sented this university in the old Irish Parliament, he hoped that university representation would be swept away, as it was an anomaly. Upon leaving the building Dr Posnett was loudly hooted and hissed." ■ Mr Ashcroft returned from Sydney via Auckland and Wellington on Saturday. We learn from him that he leaves finally for Wellington onthe24thinst. Mr Graham receives six weeks' leave of absence to visit Australia before taking up his duties as official assignee iv Dunedin. Mr Paul will be acting assignee during the interval. We are pleased to be able to state that Dr Stuart passed a good night on Saturday, and that his health showed great improvement since. The Hon. John M'Kenzie, Minister for Lands, will address his constituents about the end of this week or the beginning of next week, when he will enter on a full defence and exposition of his land policy. The hospital returns for the past week are : Remaining from previous week, 92 ; admitted during the week, 19 ; discharged, 13 ; deaths (Annie Daly, Ernest Hughes, and Angus Campbell), 3 ;— total remaining in the institution, 95. Mr E. H. Carew, R.M., presided at the Magistrate's Court, Port Chalmers, on Saturday. In the case of David Morkane v. Robert M'Dougall (Lake Wanaka), claim £22 10s, for wages, &c, Mr Platts appeared for the plaintiff. Defendant had served a notice of application to have evidence taken at Pembroke, and the case was adjourned until June 10. A series of evangelistic services were commenced on Sunday by Mr Corrie Johnston in the Garrison Hall. The first service was held in the afternoon, and was largely attended. Mr Corrie Johnston took as his subject the beginning of the Gospel of Mark. In the evening there were two services. At the first he spoke for over an hour with great vigour and clearness, giving a Gospel address on the words ••Escape for thy life," and repeating a graphic illustration used by him many years ago when addressing an audience in this city. As Mr Johnston's voice was failing somewhat the principal address at the second meeting was delivered by Mr Briggs, the subject being " Tne parable of the rich man." Mr Johnston made a brief, earnest appeal to the unconverted and the proceedings were closed with praise and prayer. The evangelistic services will probably be continued during the week, and of their continuance notice will be given in the press. A correspondent gives "Bohemian" of the I Christchurch Press some amusing particulars of the unveiling of commercial "shoddy" when the Ruahine's cargo was discharged at the Cape, after the fire. Part of it consisted of pianos — and they looked terribly dissipated and "tore up" when they were unpacked. The "real" walnut and mahogany of their cases had shed its veneer under the heat, as an actress's face sheds the paint under vaseline, and there exposed to the pitiless daylight stood the rough, unplaned, unmistakable deal. The "ivory" of the keys looked like cocoanut ice gone wrong in the fryingpan— a white, pulpy, shapeless mass of unmistakable celluloid. Inside the cases of the pianos were rammed full with mandolins, flutes, fiddles, and instruments enough for a whole orchestra— in defiance of Customs regulations. A " Bophometic baptism of fire," as Carlyle would say. Alas for this age of wooden nutmegs, when skim milk passes for cream ! A contemporary states that the following, taken from a Belfast paper, will cause a great deal of surprise, seeing that all Orangemen are reported as being the deadly enemies of Home Rule:— "At a meeting of Orangemen held in Sandyrow Orange Hall, Mr Wagner (Grand Master of No. 7 Lodge) said that for some time back things had been drifting slowly, but surely, towards Home Rule, and that it was time for them to speak out and say, ' Give us Home Rule.' The Orangemen of Belfast need not be ; a bit afraid to take Home Rule, and make their own terms afterwards, for they had the fighting men and industry and intelligence of the people. The time had come when they should be no longer shouting 'No surrender,' but take up instead the' cries of ♦ Onward, upward— Excelsior.' — (Cheers.)" A proposal is made to erect a memorial church on the site of the Gate Pa, as a suitable monument to the memory of the men who fell there. Over £100 has been subscribed by Gate Pa residents, most of whom are old soldiers. At the Blenheim Borough Council meeting on Friday (says the Express) a nice surprise was sprung on the council. The Bank of New Zealand has stopped its credit, and last month's wages cheques are still unpaid. It seems that the overdraft is nearly £2500, but there are credits to the extent of £700, which the bank refuses to deduct from the total. A deputation has been appointed to wait on the banker and see if the wages cheques cannot be paid. The Hon. W. P. Reeves, Minister for Education, will arrive in Dunedin on Friday evening. He has intimated that he is prepared to address a public meeting on Monday evening, but as it is doubtful if a hall can be secured, it is probable the speech will be given on Tuesday evening. A telegram has been received in Dunedin stating that leave of absence to Mr Justice Williams has been extended to the 20th June. We understand that his Honor's health is gradually improving. Mr Justice Ward will in all probability take the next sittings of the court at Invercargill and Dunedin. A Masonic correspondent informs us that the W. Bro. Francis Arkwright, P.M. Ruapehu Lodge, No. 2137, E.G., Overton, Rangitikei. has been recommended by the District Grand Lodge of Wellington to H.R.H. the Prince of Wales, M.W.G.M. of England, for appointment as D.G.M. of Wellington in succession to the late Sir Harry Atkinson. The Arthur street and Kensington Schools re-opened on Monday, but as the attendance was very poor, owing to the prevalence of measles, it was decided to close them again, and the pupils who attended were dismissed. The High street School also re-opened, but although the attendance was below the average it was decided to keep open. The Forbury School has been closed for a i'oriuight. The Post Office department have decided to adopt a suggestion mado to them by Mcssrd W. Guthrie and Co., that circulars posted at one time in considerable numbers might be received without Btaraps, the party postiug to pay the cost of stamps in ca"-h over the couuter. Tbe department has fixed the minimum to bo posted at 2000 documents at one time. If the Post-master-general could ccc his way to reduce the minimum to 500 the concession that has been mado would benefit a considerably larger number of people. By the change the department saves the stamps and the public the labour of affixing them. The circulars will be stamped at the post office with the word "Paid." The Southland Times adds :— " ' There is nothing new under the sun ' : this concession was in force for single letters at>er Rowland Hill's penny post cinio into bring. Wn fiivw a lettor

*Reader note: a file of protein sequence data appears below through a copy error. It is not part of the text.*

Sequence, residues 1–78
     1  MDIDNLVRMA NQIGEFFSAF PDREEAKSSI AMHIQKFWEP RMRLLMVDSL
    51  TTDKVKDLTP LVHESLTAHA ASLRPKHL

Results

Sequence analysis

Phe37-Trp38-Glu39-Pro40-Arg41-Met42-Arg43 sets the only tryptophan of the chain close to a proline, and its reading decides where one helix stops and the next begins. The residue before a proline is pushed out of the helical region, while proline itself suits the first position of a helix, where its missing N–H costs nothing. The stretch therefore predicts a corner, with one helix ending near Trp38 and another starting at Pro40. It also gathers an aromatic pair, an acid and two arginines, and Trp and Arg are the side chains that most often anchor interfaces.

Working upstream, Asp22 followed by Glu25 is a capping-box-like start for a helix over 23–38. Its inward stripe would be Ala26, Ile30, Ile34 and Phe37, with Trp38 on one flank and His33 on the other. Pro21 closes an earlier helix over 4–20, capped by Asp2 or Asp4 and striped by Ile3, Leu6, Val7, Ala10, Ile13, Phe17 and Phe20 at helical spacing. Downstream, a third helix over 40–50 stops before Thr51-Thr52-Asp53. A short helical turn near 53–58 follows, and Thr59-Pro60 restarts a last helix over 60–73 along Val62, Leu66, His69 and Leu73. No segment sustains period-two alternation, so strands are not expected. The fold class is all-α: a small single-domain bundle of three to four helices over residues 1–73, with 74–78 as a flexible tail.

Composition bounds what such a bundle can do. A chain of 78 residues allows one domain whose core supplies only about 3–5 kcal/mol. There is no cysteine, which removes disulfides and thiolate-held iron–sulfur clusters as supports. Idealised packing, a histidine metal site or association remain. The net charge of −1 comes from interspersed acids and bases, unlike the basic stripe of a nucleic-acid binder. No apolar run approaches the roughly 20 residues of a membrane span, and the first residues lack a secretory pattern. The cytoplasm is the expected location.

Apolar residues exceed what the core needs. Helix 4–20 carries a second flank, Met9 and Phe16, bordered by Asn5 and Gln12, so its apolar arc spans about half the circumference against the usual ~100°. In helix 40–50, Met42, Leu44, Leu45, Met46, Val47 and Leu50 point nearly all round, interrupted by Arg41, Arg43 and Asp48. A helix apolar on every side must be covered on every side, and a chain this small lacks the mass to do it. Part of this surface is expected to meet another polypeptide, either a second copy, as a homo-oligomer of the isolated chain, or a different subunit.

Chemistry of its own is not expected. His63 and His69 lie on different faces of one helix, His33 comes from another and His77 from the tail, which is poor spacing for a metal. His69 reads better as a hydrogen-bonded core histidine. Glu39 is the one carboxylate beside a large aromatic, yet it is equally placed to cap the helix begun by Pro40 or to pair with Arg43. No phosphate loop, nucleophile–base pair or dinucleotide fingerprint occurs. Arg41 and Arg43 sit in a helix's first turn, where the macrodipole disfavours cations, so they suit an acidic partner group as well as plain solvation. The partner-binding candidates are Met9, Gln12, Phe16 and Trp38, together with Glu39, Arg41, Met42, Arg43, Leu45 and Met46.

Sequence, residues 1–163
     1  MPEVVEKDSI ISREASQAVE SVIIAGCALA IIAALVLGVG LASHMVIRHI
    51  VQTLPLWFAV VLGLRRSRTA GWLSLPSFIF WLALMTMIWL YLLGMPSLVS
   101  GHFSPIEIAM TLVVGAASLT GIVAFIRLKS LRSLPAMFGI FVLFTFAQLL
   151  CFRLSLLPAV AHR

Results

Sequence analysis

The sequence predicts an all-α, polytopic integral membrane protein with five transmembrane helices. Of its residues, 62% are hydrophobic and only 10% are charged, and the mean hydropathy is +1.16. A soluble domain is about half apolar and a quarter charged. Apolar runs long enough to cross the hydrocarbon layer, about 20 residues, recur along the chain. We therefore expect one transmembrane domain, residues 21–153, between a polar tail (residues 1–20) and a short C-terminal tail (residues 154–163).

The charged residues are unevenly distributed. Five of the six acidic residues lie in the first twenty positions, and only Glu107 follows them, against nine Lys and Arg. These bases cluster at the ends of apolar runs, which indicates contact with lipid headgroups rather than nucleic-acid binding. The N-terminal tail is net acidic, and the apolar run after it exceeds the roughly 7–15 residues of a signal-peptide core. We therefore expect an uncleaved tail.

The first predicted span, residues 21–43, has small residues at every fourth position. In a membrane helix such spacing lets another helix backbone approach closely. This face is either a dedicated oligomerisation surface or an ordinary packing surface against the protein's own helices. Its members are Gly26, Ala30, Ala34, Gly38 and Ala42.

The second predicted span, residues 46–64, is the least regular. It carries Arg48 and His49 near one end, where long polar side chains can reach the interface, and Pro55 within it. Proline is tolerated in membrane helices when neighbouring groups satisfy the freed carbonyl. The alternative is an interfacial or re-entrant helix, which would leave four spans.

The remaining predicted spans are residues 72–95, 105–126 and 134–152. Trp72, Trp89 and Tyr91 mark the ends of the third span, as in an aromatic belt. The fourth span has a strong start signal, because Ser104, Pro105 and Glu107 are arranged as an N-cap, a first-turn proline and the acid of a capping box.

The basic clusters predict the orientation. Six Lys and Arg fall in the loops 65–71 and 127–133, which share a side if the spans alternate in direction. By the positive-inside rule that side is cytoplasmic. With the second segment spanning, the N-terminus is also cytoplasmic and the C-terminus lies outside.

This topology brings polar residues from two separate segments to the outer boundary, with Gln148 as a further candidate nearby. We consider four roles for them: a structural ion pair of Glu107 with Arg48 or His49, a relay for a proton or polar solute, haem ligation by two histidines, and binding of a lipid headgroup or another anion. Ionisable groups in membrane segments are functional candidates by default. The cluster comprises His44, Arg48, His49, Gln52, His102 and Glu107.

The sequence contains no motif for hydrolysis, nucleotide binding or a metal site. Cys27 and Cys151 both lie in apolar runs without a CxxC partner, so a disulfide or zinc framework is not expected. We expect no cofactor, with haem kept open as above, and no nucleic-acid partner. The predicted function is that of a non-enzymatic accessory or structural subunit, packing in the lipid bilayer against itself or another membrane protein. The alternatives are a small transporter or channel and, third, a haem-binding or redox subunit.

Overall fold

the other day, written in 1849, and on the envelope of it the word "Paid" appears in place of a stamp." We might point out that the Victorian post office authorities appear to be in advance of New Zealand, as they allow two, three, or four newspapers to be posted and paid for without requiring them to be stamped. Our Auckland correspondent writes: — "Owing to the prevalence of measles, the City Schools Committee have extended the closing of one school for a week. The attendance has fallen off at the others nearly 50 pet cent;., and the committee have asked the head masters to furnish returns of the numbers absent in each standard, with a view of determining what is best to be done. I understand the attendance in the primer and junior classes is most affected." A special meeting of the St. Leonards School Committee was held on Monday evening to consider the matter of the prevailing epidemic, when it was decided to close the school for a fortnight. The Post understands that tho attention of Ministers has been directed to some rather extraordinary proceedings in the Resident Magistrate's Court at Invercargill lately, and an inquiry will probably be instituted. The Timaru Herald states that a business man in Timaru has received a letter from his brother in Melbourne, a Victorian civil servant, who writes dolefully on the state of things over there. After referring to the reductions in salaries, he writes :—": — " Financial affairs are in a very bad state, and every day the papers seem to have worse news than the bad news of the day before — the banks going bung, the unemployed starving, labour strikes, reductions of wages, retrenchment of Government expenses, talk of the closing of public charities, wholesale dismissals from office, bankruptcies, burglaries, highway robberies in broad daylight, swindling and thieving of all descriptions. I don't know when poor Victoria was so hard beset. The, fact is we have been borrowing millions, and so long as the money was coming in we lived as happy as kings, but now that no money is coming in, and the interest of our borrowing is going out, we don't feel quite so jovial as we used to do." An extraordinary case is attracting attention at Broken Hill. A labourer named John King shot himself in the head with a revolver, the bullet entering the forehead and going, into the brain. King, who lived at South Broken Hill, said nothing to anyone about the mishap, but coolly walked to Broken Hill and asked a doctor, two hours after the accident occurred, to extract the lead from his head. The request was first treated as a joke, but investigation proved that the bullet was really in the man's brain. He walked to the hospital, where the lead was extracted. On the road to the institution King got in and out of a cab himself, sat upright in it, and even went into an hotel and had a glass of beer. His condition after the operation became serious, and he is not expected to live. The bullet, when extracted, was found to be flattened by contact with the skull. The question which puzzles the doctors is why the man did not die instantly, instead of being able to walk about all right for two hours. In Adelaide the Government havo got over the Chinese difficulty so far as their acquiring political influence, by refusing to naturalise Chinamen. It was discovered that they were getting naturalised, paying the requisite fees, with a view of getting placed on the electoral rolls. They are now taking tho Afghan and Assyrian hawkers in hand. The Municipal I Association recently took the matter up, and wrote to the Commissioner of Crown Lands, through whose department all their correspondence goes, asking that legislation should be enacted to prevent the issue of hawkers' licenses to Afghans and Assyrians. The Attorney-general having looked into the matter told the Commissioner of Crown Lands that legislation was really unnecessary in the matter, as if the various local authorities who issued licenses and the Treasurer, who also issued licenses, chose to agree amongst themselves not to issue licenses they could gain the end aimed at. The commissioner thereupon placed himself in communication with the Treasurer, and will instruct his officers to refrain from issuing licenses to Afghans and Assyrians, while the various corporations and district councils of tho colony will he invited to take similar action. With the object of popularising the telephonic communication in the suburbs, the Victorian Postmaster-general has decided that instead of the subscription increasing as at present according to the distance from the central exchange, it shall be the same in the suburbs as in the metropolis. There must, however, be sufficient subscribers to make the surburban exchanges a monetary success. We are requested to state, in connection with the particulars which we publish elsewhere concerning a wonderful surgical operation, that Dr Closs's name was used without his authority or knowledge. The following inquiries are taken from Lloyd's Weekly newspaper of March 26 :— John Allen left Rishton for Scotland, en route for New Zealand, in 1874-75, ,and sailed in the ship Jessie Ashburn under the name of A. Smith. He last wrote to his daughters Emma and Mary from Wellington about 11 years ago. Robert Anderson, of Coatbridge, Scotland, went to New Zealand about Dine years ago, and last wrote home from Mullocky Gully, near Mosgiel, six years since. Brother John inquires.— Thomas Baird sailed from the East India Docks on May 1, 1868, in the s.s. Ballarat, bound for Launceston. When he last wrote to his sister in 1872 he was mate on a mail boat running in the Kaipara waters, New Zealand. — Andrew Brookman was last heard from in 1881 ; address, Kaikoura Post Office, Marlborough, New Zealand. Sister Julia asks. — Henry, Henrietta, and Charlotte Waite are sought for by their sister Harriet, who says : " I last heard from them when they were on a visit to South Lincolnshire, England, in June 1885 ; now supposed to be at Mount Eden, Auckland, or Christchurch, New Zealand."— John E. W. White, late of Bridge House, Deptford, sailed in the s.s. Rimutaka, for Timaru, New Zealand, on January 13, 1888. His parents wish to know his whereabouts. The Hokonui Railway and Coal Co., Limited, have had an engine specially constructed for pumping operational their colliery, and it is a marvel in strength for the comparatively small space it occupied. Size is a point of considerable importance with machinery in a coal mine, and the engine in question, which is on the duplex principle, b/*s been designed specially to take up as little roj»x\ as possible, while at the same time capable oX doing the work required to be done. Its entire weight is but little over a ton, and yet it will force 6000 gal per hour against a vertical head cf 550 ft. It has been constructed at Johnston's Vulcan Foundry, and one of the principal f eabvir 1 c of the engine is a method-r-the joint produo ;o;i of Mr Johnston, jun., and Mr Hayes, the Cir.v.eny'B engineer— of procuring quick and (** ay. access to tho valves. This has been eff.-Ked by a strong bridge Of iron resting on two »!ates, eaoh of which* cover the entrance to a v«(ve chamber, i Tho removal of the bridge t*i d consequent